Were expectations met?
Of course. Ahead of the finals, Germany were not expected to win. Given their perceived defensive problems and key absences, expectations before the Brazil trip were lower than usual. Marco Reus was injured, along with Germany's usual left-back Marcel Schmelzer, while defensive midfield options were limited by the absences of İlkay Gündoğan and the Bender twins. It was also decided that striker Mario Gomez – not fully fit – would be left at home.
While many knew this might be a last shot at FIFA World Cup glory for the likes of Philipp Lahm and Bastian Schweinsteiger, few dared to dream of that fourth star until the quarter-final win against France.
Group G: Germany 4-0 Portugal
Group G: Germany 2-2 Ghana
Group G: Germany 1-0 United States
Round of 16: Germany 2-1 Algeria (aet)
Quarter-finals: Germany 1-0 France
Semi-finals: Germany 7-1 Brazil
Final: Germany 1-0 Argentina (aet)
What the media say
Bild: WORLD CHAMPIONS! WORLD CHAMPIONS! WORLD CHAMPIONS! WORLD CHAMPIONS! The biggest and most important trophy in world football, finally we have it again. We bow in front of coach Jogi Löw. This title is his world masterpiece. In focused fashion, he led Germany through the tournament. He stayed composed after big wins. He kept his calm after difficult matches. In the midst of the tournament, he renounced his concept with Lahm in midfield. Our boys are World Cup winning heroes. We are proud of you!
Die Zeit: Löw completes his work with the most important title since '54. When Joachim Löw joined the national team, German football was at its worst ever. With the title won in Rio, he rewarded himself and a generation of players for a long pursuit. He systematically led his team into the modern era. There was resistance to this at first, as well as to the beautiful, fair game Löw loves. He did not win a title for many years.
What they say
Joachim Löw: "It was our great strength to have continually improved through all those years. If anyone deserved this, it was this team. Today, there was only one deserved winner and that was this team. In recent days, they have developed an incredible team spirit and unbelievable willpower. This deep feeling of joy will stay for all eternity."
Philipp Lahm: "
It doesn't matter if we have the best players or whatever, it is of absolutely no interest – you have to have the best team. We have kept improving over the course of this tournament. We have not been put off by negative comments. We stayed our course. And in the end, there you are, a World Cup winner. An incredible feeling."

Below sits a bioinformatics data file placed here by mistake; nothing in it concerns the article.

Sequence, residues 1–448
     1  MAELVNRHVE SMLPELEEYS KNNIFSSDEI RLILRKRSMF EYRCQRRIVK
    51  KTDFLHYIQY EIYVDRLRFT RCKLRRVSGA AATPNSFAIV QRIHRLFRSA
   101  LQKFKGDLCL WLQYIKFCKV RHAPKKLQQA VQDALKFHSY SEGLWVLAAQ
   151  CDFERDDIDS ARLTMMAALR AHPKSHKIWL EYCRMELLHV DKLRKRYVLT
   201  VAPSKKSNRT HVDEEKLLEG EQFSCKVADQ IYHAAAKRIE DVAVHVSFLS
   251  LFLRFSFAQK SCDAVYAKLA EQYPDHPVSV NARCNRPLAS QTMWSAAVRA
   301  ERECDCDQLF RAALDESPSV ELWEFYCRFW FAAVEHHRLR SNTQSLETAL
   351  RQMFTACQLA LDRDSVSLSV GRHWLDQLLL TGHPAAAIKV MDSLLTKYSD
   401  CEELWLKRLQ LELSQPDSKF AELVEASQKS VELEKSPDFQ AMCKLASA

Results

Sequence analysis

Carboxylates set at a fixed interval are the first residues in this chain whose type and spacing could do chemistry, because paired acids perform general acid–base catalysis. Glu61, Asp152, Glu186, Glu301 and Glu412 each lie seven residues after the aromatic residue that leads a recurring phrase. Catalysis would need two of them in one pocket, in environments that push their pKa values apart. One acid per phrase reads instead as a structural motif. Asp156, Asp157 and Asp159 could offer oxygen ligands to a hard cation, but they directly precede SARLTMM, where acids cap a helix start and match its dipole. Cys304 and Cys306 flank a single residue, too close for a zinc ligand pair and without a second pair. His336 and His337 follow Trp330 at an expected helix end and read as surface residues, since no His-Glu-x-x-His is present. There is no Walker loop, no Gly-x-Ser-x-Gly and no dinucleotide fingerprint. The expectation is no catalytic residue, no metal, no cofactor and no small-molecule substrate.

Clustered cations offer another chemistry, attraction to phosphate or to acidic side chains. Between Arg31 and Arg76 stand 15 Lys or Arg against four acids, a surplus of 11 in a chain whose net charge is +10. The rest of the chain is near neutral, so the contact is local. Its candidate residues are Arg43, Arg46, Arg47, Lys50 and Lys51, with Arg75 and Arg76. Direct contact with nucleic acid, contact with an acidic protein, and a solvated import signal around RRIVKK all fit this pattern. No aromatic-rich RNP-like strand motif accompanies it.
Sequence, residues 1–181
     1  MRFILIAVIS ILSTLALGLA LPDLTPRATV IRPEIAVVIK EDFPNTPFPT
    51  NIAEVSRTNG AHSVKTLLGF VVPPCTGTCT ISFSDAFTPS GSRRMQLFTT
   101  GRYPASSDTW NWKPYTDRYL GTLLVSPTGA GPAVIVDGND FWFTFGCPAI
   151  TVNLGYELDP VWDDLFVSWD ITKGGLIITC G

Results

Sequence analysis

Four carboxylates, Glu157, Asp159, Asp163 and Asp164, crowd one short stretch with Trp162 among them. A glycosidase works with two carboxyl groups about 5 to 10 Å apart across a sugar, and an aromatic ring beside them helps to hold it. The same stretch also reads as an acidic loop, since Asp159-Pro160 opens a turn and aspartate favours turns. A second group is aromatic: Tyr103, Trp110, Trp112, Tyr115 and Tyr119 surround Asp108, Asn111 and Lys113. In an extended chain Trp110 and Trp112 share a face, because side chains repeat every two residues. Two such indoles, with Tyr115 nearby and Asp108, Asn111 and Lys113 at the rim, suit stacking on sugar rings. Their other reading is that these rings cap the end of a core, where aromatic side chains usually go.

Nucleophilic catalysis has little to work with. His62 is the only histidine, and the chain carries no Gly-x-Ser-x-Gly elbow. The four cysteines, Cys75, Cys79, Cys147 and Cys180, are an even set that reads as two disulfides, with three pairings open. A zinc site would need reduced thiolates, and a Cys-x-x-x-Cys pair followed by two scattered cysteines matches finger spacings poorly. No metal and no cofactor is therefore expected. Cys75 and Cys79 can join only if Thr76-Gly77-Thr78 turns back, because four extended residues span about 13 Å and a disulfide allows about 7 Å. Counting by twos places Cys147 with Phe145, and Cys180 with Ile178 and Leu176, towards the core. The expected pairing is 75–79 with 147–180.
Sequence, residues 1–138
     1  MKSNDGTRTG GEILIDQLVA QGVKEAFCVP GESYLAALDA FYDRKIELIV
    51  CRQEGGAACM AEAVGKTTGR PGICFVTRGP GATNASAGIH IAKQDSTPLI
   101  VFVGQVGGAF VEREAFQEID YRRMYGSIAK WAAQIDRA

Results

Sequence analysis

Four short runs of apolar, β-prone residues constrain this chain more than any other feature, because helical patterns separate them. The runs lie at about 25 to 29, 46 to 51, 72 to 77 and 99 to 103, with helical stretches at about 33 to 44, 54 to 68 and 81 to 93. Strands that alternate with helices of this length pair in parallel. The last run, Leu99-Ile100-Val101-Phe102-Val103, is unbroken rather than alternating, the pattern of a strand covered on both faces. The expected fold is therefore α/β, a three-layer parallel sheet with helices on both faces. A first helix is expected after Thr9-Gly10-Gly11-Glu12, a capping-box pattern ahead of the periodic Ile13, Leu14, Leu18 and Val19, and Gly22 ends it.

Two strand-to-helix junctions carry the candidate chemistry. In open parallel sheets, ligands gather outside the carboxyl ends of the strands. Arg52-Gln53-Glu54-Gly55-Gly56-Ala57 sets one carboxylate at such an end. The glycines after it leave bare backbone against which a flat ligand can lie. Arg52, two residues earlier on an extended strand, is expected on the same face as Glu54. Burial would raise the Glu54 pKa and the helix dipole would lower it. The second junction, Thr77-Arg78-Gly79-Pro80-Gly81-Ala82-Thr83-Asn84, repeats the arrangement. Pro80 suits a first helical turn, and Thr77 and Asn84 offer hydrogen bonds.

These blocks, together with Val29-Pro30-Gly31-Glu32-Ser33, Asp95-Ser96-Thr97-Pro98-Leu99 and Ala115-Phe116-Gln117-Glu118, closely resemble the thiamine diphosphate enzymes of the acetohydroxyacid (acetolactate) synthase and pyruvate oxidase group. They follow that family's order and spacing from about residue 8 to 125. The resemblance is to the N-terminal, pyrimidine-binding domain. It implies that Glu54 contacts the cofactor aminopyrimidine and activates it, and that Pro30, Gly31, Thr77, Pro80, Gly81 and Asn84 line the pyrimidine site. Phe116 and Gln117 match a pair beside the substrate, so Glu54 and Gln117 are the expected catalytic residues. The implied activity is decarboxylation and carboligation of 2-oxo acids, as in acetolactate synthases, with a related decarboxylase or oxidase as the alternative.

Manuel Neuer: "We have had an incredible team spirit even since the pre-tournament preparations, when we experienced a few setbacks and lost players like the Benders and Marco Reus, who also are World Cup winners. All of Germany is a World Cup winner. I don't know for how long we will celebrate, but from now on we will always wake up with a grin."
It appears the entire team including the coaching staff has come on with every major final tournament. While the side may have been more enthusiastic and thrilling in South Africa, they were also more naive. At the beginning of this World Cup, Löw sprang a surprise by introducing an unorthodox 4-3-3 system with four central defenders, swapping back to the more familiar 4-2-3-1 over the course of the tournament. Not every game was won in style, but back in Germany this was seen as a sign of maturity, since all recent World Cup winners have had to grind out the odd victory or two.
It may be a cliché, but the players and coach always praised the outstanding team spirit. The celebrations after the final, when even the players on the bench could hardly contain themselves, demonstrated that those were more than hollow words. That sense of collective endeavour was evident in the post-match interviews, the World Cup winners giving huge credit to all the squad – including those who missed the finals.
Room for improvement
With the impending retirement of Miroslav Klose, Germany need another 'old-style' central striker who can add depth to their attacks, and they have to improve their flexible attacking style to break down disciplined defences like Argentina's in future.
Central defender Benedikt Höwedes filled in as left-back in Brazil, but a player more natural suited to this position would add width to the German game. During Brazil 2014, Germany relied heavily on their right flank so adding another option on the left, who is able to overlap and go on surging runs, would enhance their attacking threat.
In Neuer (28), Schweinsteiger (29), Lahm (30) and Sami Khedira (27), the oldest key players are young enough to play at UEFA EURO 2016 in France. Some may even be around in Russia 2018, even though football is becoming more and more athletic and demanding.
The development centres in Germany seem to produce more and more great young players (though oddly full-backs and strikers are a rare commodity). In the future the 'second generation' around André Schürrle (23), Mario Götze (22), Toni Kroos (24), Marco Reus (25) and maybe Julian Draxler (20) will play an even more important role. Thomas Müller (24) will probably continue to find space for those goals with his inimitable runs.
In Group D with Scotland, Poland, the Republic of Ireland, Georgia and newcomers Gibraltar, the four-time World Cup winners are heavy favourites. However, they would have been even without bringing the World Cup home. It would be no surprise if they performed as commandingly as they did in qualifying for the World Cup, when they finished eight points ahead of Sweden.
©UEFA.com 1998-2015. All rights reserved.